Wednesday, 1 April 2009


Yesterday I saw Bodies: The Exhibition at the Ambassador in Dublin. So bodies have been on my mind lately. The specimens on display are real, and the way the exhibition is marketed it is considered to be a teaching aid. In the words of the organizers: "This method of preservation creates a specimen that will not decay. This offers thousands of unique teaching possibilities for educators at all levels, including medical professionals, archeologists and other scientists."

With current technology, I do rather wonder whether they needed real bodies, other than for the sensational aspect. And they way that they have prepared some of the specimens, such as the arteries, is with a process called 'corrosive casting', which means that they fill the vessels with a liquid that sets and they then corrode the arteries around them, leaving the polymer in the shape of the vessels. So what you're seeing is a polymer specimen in the shape of an original, rather like what they did to reveal the bodies under the ash at Pompei. Other specimens are actual bodies treated in a special preservation process.

Very few of the bodies were female, all of the others were male; it is interesting that the male bodies were represented in active poses, playing tennis, volleyball, conducting an orchestra. The female specimens were used to illustrate adipose tissue (i.e. fat) and the female reproductive system (and another raising her arms in praise of the heavens). In other words, I found an interesting gender discourse at work in the exhibition.

I did find the message of the exhibition a bit uncertain. For example, they displayed specimens of a smoker's lungs and then placed a perspex box beside it for the cigarette boxes of visitors who have decided to give up. Then other points urged visitors to appreciate the complexity of the body and to begin to treat their own body better. But I'm not sure at all that this is how and why the individual items were displayed. As an account of the body, each component individually works, but I feel that holistically a convenient message was imposed that feels a tad preachy.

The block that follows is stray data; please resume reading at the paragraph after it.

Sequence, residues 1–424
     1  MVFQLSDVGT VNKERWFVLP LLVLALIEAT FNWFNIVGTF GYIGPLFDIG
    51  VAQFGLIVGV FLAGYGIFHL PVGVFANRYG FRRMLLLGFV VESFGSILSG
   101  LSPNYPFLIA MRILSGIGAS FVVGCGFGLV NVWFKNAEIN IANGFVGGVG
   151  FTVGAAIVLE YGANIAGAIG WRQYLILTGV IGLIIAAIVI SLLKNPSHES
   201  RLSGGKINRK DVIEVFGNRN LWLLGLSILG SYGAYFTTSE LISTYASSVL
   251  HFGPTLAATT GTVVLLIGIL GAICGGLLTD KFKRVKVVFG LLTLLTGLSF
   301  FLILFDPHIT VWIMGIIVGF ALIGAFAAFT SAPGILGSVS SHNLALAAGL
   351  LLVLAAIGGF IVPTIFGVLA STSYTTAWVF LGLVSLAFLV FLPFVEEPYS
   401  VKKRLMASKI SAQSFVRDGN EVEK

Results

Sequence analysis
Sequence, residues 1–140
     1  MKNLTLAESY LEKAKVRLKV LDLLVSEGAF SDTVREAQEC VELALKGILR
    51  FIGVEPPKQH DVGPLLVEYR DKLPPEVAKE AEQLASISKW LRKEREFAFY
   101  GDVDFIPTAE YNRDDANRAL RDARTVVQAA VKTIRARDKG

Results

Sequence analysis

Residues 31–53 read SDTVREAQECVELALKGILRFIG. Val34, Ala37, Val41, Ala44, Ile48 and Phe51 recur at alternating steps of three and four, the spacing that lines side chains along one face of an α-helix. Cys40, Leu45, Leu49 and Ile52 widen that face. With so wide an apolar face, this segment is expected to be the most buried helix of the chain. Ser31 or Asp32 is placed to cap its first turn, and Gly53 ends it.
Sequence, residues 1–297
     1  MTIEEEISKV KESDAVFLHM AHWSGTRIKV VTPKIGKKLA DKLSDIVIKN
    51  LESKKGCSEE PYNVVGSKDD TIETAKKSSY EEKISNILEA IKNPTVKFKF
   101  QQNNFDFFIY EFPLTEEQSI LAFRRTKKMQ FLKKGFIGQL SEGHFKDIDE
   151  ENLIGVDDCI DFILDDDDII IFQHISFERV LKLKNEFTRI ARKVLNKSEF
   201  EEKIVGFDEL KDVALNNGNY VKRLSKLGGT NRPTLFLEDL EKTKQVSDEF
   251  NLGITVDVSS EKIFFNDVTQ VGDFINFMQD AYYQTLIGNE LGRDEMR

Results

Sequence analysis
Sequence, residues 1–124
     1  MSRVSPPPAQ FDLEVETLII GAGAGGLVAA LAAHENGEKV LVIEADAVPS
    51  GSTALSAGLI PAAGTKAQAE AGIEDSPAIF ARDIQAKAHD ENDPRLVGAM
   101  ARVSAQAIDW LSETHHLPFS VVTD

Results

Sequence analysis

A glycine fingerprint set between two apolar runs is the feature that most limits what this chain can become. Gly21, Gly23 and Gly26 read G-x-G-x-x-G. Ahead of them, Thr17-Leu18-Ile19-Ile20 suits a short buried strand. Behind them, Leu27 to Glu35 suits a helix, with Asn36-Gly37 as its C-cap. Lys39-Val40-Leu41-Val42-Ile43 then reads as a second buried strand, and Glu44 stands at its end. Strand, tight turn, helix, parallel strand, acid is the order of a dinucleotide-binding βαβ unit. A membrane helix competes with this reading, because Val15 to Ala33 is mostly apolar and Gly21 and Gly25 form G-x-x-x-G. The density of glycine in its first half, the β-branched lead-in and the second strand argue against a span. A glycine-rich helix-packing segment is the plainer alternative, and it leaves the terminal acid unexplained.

What I really wanted to know was who they were; who were they playing tennis and volleyball with? And most important of all, what piece of music was the man with the baton in hand conducting? Surely, no matter how complex your body is, it's what you do with it that really compels.

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To this end, I think that the really marvellous exhibition 'Assembling Bodies' at the Museum of Archaeology and Anthropology in Cambridge is a good deal more successful. It runs until November 2010 and I intend to return. It covers an extremely wide range of issues. Organized around seven thematic headings, it comprises both artifacts and art objects; the whole exhibition fits into one room on the second floor, so it is easy to take in at a visit but provides enough to keep one ruminating. The thematic headings include: Assembly of Bodies; Measuring and Classifying; Art and Anatomy; The Body Multiple; Extending and Distributing; Genealogies and Genomes; Body and Landscape. A very good catalogue has been prepared for the exhibition. Well worth a visit if you're in Cambridge.

* * *

And as if the gods were conspiring to keep me thinking bodies, I have just picked up a copy of this new collection of essays on the theme of Dante and the human body, which comes out of the UCD annual Lectura Dantis (in this case, held between 2003-2004). It comprises: Simon A. Gilson, 'The Anatomy and Physiology of the Human Body in the Commedia'; Vivian Nutton, 'Dante, Medicine and the Invisible Body'; Joseph Ziegler, 'The Scientific Context of Dante's Embryology'; Simone de Angelis, 'Sanatio and Salvatio: "Body" and Soul in the Experience of Dante's Afterlife'; Manuele Gragnolati, 'Nostalgia in Heaven: Embraces, Affection and Identity in the Commedia'; Elizabeth Mozzillo-Howell, 'Divina Anatomia: Laying Bare Body and Soul in the Commedia'; Vittorio Montemaggi, ' "La rosa in che il verbo divino carne si fece": Human Bodies and Truth in the Poetic Narrative of the Commedia'; Oliver Davies, 'World and Body: A Study in Dante's Cosmological Hermeneutics'. Have already looked at Mozillo-Howell's very interesting essay (thoroughly resonant for the Bodies exhibition), and of course Montemaggi's very excellent essay.

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